2,4-Dinitrophenol (DNP), C6H4N2O5, is a cellular metabolic poison. It uncouples oxidative phosphorylation by carrying protons across the mitochondrial membrane, leading to a rapid consumption of energy without generation of ATP.
Dinitrophenols as a class of compounds, of which there are six members, do not occur naturally but are all manufactured compounds.
2,4-Dinitrophenol is a yellow, crystalline solid that has a sweet, musty odor. It sublimes when carefully heated and is volatile with steam. It is soluble in water (sparingly) (its crystalline sodium salts are also soluble in water), cold water (sparingly), ethyl acetate, acetone, chloroform, pyridine, carbon tetrachloride, toluene, alcohol, benzene, and aqueous alkaline solutions (Merck, 1989). It forms explosive salts with alkalies and ammonia, and emits toxic fumes of nitrogen oxides when heated to decomposition (Sax, 1989). It is incompatible with heavy metals and their compounds.
Some advocates of the drug advise people to take doses of 5-8 mg/kg daily. It's commonly advised, however, that the dose be slowly titrated according to personal tolerance, which varies greatly.
There is limited and conflicting data on the pharmacokinetics of DNP in humans. The EPA states that "Data on the elimination kinetics of the dinitrophenols or their metabolic products in humans were not found. The ATSDR's Toxicological Profile for Dinitrophenols also states that "No studies were located regarding distribution in humans after oral exposure to 2,4-DNP. Limited information is available regarding distribution in animals after oral exposure to 2,4-DNP." However, they do state that "Elimination from the body appears to be rapid, except possibly in cases of compromised liver function. This conincides with a review in the NEJM on the biological actions of dinitrophenol, which stated that "Judging from the metabolic response, DNP appears to be eliminated entirely in three or four days; in the presence of liver or kidney damage it is possible that the drug will be retained over a longer period. Oddly, more recent papers give an array of possible half-lives, ranging from 3 hours, to 5-14 days. Other recent papers maintain that the half-life in humans is unknown.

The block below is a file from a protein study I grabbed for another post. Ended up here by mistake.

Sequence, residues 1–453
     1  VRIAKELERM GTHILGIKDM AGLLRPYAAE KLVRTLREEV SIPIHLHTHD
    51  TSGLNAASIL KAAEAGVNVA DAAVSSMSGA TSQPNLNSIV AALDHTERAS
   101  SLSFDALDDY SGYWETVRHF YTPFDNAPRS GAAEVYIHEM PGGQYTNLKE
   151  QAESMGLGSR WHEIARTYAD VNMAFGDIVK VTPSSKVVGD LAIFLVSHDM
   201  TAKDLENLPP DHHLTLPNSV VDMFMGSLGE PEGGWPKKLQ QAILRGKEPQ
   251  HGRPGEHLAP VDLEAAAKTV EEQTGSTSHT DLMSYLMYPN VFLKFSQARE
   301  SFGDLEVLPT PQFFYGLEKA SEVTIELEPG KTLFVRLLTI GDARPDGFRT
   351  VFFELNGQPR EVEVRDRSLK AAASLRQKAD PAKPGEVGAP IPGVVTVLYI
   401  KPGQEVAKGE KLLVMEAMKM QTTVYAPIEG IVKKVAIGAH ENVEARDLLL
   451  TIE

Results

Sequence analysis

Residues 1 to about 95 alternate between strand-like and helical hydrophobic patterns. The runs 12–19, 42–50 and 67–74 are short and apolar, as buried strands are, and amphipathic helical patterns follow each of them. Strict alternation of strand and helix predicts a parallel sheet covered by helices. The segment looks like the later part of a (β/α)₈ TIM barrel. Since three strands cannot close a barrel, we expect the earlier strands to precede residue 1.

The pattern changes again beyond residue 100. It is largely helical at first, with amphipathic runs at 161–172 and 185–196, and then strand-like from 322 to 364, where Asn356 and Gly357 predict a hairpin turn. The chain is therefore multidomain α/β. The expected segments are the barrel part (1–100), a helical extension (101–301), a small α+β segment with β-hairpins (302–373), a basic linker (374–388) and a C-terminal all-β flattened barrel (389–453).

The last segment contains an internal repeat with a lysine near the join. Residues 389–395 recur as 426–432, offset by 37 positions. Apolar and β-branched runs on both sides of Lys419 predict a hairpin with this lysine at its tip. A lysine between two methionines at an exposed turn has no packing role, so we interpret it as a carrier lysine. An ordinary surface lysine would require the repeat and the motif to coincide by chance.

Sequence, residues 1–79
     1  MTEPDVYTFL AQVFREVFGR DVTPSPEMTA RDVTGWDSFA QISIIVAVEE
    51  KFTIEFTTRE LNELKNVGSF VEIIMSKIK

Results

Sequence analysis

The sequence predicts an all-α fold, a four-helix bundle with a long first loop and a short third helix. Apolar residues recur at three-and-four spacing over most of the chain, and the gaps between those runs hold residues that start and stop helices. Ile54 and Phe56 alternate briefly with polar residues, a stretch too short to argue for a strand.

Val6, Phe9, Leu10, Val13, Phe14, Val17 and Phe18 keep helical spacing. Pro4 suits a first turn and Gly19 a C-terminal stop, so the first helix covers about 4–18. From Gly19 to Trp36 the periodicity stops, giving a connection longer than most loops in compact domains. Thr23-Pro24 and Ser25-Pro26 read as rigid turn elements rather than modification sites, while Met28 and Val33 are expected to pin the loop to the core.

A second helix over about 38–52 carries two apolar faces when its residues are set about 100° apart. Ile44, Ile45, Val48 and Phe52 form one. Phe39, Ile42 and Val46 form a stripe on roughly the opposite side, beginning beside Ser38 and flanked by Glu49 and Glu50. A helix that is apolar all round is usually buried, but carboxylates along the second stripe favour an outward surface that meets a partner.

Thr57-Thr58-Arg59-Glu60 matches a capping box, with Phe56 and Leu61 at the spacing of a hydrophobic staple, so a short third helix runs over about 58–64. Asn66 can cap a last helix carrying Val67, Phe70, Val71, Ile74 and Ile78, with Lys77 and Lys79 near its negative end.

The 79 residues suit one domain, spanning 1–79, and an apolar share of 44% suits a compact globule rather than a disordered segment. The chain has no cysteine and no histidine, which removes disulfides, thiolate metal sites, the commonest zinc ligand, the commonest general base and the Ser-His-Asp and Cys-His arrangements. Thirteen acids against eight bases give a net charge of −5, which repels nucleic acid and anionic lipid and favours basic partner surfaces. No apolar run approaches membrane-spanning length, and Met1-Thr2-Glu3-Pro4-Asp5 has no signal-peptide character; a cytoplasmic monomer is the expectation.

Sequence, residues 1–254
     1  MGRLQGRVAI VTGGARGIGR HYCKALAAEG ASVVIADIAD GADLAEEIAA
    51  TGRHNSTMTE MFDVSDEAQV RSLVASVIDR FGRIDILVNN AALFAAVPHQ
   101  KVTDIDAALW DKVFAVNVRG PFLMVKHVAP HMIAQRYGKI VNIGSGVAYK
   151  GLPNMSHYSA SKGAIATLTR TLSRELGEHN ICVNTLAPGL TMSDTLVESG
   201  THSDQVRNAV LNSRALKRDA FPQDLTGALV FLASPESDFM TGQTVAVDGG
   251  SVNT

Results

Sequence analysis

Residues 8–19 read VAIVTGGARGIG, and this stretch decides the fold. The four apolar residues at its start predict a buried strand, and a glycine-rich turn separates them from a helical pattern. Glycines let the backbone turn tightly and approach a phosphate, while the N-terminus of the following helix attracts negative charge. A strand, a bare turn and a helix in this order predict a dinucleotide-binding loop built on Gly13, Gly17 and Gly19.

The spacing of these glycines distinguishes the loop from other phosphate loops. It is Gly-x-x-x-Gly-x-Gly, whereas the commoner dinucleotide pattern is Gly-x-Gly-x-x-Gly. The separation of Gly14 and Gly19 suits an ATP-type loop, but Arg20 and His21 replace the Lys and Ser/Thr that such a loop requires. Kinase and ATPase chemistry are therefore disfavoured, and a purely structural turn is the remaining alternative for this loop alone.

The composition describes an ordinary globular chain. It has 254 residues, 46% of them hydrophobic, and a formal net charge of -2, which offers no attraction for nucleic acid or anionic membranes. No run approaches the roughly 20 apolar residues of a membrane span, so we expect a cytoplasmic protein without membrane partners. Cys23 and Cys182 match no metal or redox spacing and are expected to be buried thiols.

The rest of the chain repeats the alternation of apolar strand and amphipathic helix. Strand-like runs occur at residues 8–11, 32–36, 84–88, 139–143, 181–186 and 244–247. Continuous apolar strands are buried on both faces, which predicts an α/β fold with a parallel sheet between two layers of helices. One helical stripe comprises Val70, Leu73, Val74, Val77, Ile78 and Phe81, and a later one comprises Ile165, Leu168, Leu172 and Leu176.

In a study on mice, a lethal dose of 35 mg/kg decreased to 5 mg/kg body weight when the environmental temperature was raised to 39° C (102.2° F). As the ambient temperature increases, so does the risk of overheating. People who use increased ambient temperatures for weight-loss, such as wrestlers and runners, are potentially at greater risk of overdose.
Although further investigation is needed, dinitrophenol-induced hyperthermia has been successfully resolved with dantrolene administration. "Dinitrophenol uncouples oxidative phosphorylation, causes release of calcium from mitochondrial stores and prevents calcium re-uptake. This leads to free intracellular calcium and causes muscle contraction and hyperthermia. Dantrolene inhibits calcium release from the sarcoplasmic reticulum which reduces intracellular calcium. The resulting muscle relaxation allows heat dissipation. There is little risk to dantrolene administration. Since dantrolene may be effective in reducing hyperthermia caused by agents that inhibit oxidative phosphorylation, early administration may improve outcome."
While DNP itself is considered by many to be too risky for human use, its mechanism of action remains under investigation as a potential approach for treating obesity. Currently, research is being conducted on uncoupling proteins naturally found in humans.
However the effects of DNP on anaerobic micro-organisms are still largely undetermined. Some studies suggest there is anaerobic toxicity due to a reduced methane production.